A Few Simple Tips: Jamming
Picture the scene: after swiping a few more (ok several more) potato chips from the huge bowl at the BBQ table and you eye the crumbs - that didn't reach your mouth - to the ground, you are jolted by the familiar sound of a guitar - boink! - against a hard surface somewhere within range.
The moment has arrived - the 'Jam Session'.
To save your hands getting clammy with excitement/anticipation/anxiety/terror, let's talk about some tips to help you figure out - quickly - whether you want to head up to the stage and jam-m-m-m-m-m.
Choose simple songs that others will either know, or can simply be called out to the other musicians during the jam session for a quick rendition. Happy Birthday, one Christmas Carol, one Eagles song should just about cover you!
Always ask the key and the tempo of the song about to be played, especially if you don't know it. There's nothing more nerve-wracking then realising you've started the song not knowing what shapes or timing to play.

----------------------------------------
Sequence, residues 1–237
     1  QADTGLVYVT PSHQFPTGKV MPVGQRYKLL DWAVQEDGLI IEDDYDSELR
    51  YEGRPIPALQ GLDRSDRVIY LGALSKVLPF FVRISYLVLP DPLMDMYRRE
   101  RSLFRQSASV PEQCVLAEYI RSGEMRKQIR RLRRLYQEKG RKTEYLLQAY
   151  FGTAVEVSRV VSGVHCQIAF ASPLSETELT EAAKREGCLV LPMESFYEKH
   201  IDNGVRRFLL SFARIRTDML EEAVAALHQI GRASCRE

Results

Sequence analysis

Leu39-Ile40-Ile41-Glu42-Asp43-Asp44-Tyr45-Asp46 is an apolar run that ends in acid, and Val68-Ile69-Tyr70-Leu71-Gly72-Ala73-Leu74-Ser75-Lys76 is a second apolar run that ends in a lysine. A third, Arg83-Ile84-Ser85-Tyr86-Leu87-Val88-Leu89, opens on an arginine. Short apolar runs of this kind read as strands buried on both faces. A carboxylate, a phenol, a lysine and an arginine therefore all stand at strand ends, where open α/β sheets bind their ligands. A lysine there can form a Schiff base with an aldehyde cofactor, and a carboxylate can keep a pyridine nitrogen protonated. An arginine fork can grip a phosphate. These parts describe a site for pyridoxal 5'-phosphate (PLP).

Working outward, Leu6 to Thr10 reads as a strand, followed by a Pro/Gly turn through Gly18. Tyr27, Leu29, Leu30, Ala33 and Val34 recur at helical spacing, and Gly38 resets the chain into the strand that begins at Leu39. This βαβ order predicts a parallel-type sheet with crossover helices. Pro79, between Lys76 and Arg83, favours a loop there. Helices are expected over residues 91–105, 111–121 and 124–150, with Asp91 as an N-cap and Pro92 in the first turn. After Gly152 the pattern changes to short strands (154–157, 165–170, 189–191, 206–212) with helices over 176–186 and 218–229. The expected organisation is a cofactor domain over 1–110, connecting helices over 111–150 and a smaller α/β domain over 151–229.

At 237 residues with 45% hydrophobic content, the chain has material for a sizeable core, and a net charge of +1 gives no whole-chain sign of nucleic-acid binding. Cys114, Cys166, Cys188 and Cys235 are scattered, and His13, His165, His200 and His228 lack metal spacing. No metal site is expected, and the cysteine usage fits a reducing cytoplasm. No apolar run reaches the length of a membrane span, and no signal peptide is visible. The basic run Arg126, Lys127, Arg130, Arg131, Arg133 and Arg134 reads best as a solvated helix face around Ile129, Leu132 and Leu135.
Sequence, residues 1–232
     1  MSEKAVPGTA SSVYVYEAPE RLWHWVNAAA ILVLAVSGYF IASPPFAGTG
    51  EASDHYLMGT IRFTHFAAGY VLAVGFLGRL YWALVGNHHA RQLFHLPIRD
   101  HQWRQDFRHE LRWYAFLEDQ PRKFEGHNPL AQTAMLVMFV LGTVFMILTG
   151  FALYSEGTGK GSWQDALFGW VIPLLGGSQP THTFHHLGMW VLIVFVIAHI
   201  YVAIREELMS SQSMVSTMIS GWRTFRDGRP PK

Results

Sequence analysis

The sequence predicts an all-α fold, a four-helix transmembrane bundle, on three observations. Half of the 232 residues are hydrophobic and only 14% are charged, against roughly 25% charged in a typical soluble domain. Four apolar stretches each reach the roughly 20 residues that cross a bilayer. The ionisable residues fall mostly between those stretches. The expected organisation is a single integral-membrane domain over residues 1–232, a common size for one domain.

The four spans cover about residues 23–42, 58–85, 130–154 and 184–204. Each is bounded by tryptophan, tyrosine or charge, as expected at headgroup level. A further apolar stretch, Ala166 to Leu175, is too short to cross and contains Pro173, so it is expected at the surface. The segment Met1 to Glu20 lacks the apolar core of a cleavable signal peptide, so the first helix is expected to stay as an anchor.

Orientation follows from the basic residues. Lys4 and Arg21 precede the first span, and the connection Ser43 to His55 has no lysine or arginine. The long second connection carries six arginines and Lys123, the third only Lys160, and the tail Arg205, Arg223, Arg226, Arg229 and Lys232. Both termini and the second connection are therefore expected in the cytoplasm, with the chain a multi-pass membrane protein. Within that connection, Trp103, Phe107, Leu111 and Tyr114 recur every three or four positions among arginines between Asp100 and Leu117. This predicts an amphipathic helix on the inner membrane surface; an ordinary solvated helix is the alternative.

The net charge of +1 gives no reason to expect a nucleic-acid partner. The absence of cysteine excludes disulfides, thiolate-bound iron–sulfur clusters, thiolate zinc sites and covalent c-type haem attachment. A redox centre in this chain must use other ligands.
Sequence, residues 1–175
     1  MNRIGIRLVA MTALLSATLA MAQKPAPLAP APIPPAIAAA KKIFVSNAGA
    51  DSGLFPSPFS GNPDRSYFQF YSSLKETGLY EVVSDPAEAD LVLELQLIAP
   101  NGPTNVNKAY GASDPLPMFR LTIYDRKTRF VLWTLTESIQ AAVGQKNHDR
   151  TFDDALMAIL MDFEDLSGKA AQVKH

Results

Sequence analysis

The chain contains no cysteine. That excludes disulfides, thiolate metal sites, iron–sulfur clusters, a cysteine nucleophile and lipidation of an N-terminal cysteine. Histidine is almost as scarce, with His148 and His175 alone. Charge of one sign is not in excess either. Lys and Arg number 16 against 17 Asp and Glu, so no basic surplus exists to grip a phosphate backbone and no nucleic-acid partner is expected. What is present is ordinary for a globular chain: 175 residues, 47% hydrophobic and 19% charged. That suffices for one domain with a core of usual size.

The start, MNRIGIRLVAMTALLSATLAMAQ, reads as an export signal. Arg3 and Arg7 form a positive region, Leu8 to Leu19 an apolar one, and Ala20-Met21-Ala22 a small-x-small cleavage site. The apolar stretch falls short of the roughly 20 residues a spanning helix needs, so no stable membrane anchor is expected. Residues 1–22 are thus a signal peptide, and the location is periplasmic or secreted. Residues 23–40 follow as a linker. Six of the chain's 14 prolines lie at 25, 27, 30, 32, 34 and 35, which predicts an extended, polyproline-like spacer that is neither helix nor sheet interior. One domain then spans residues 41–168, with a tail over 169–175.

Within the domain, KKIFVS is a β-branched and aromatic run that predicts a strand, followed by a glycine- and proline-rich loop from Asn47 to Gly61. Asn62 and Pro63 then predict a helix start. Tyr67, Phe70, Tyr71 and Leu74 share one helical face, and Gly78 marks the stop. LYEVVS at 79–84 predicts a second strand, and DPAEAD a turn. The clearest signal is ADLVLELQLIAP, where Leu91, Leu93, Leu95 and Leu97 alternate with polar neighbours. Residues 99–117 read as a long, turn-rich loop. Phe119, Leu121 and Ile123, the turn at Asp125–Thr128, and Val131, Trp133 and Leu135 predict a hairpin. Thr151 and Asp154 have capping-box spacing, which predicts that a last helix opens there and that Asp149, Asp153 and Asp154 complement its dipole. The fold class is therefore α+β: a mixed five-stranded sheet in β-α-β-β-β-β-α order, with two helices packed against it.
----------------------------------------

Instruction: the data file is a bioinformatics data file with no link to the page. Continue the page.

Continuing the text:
If you are leading a song - and by that, I mean singing - centre yourself enough so that you can figure out the starting note of the song. Play the chord first, and hum the first note that you can hear (this does take practise...). For surety, you might even play the note aloud so everyone in your jam session can hear, allowing them to centre themselves in the song as well, just by hearing/listening.
If you are in the middle of a song where it's almost your turn to solo (aarrrgghhh!!!) but you're turning blue with nerves, simply play the relevant chord as a one strum on the first beat of the bar for about 8 bars, OR play the chords as single notes (not strumming every single time).
Don't be afraid to use the guitar as a percussion instrument! Use the base of your palm to hit against the hollow closest to the sound hole on the guitar body. You'd be surprised at how this can make a song more dynamic and will catch audience attention away from the potato chip bowl.
When you are leading a song, always count in one bar at the tempo at which you wish to play so that the other musos can start at the same time - it's a courtesy thing...
Lastly, always have a definitive ending of a song so people know when to clap/jeer/stop crowd-surfing/grab another drink.
The most important thing in a jam session is have fun! The way best to do this is to always make eye contact with your fellow musicians when mid-song. It will draw you, them, the instruments, the music and your audience closer together.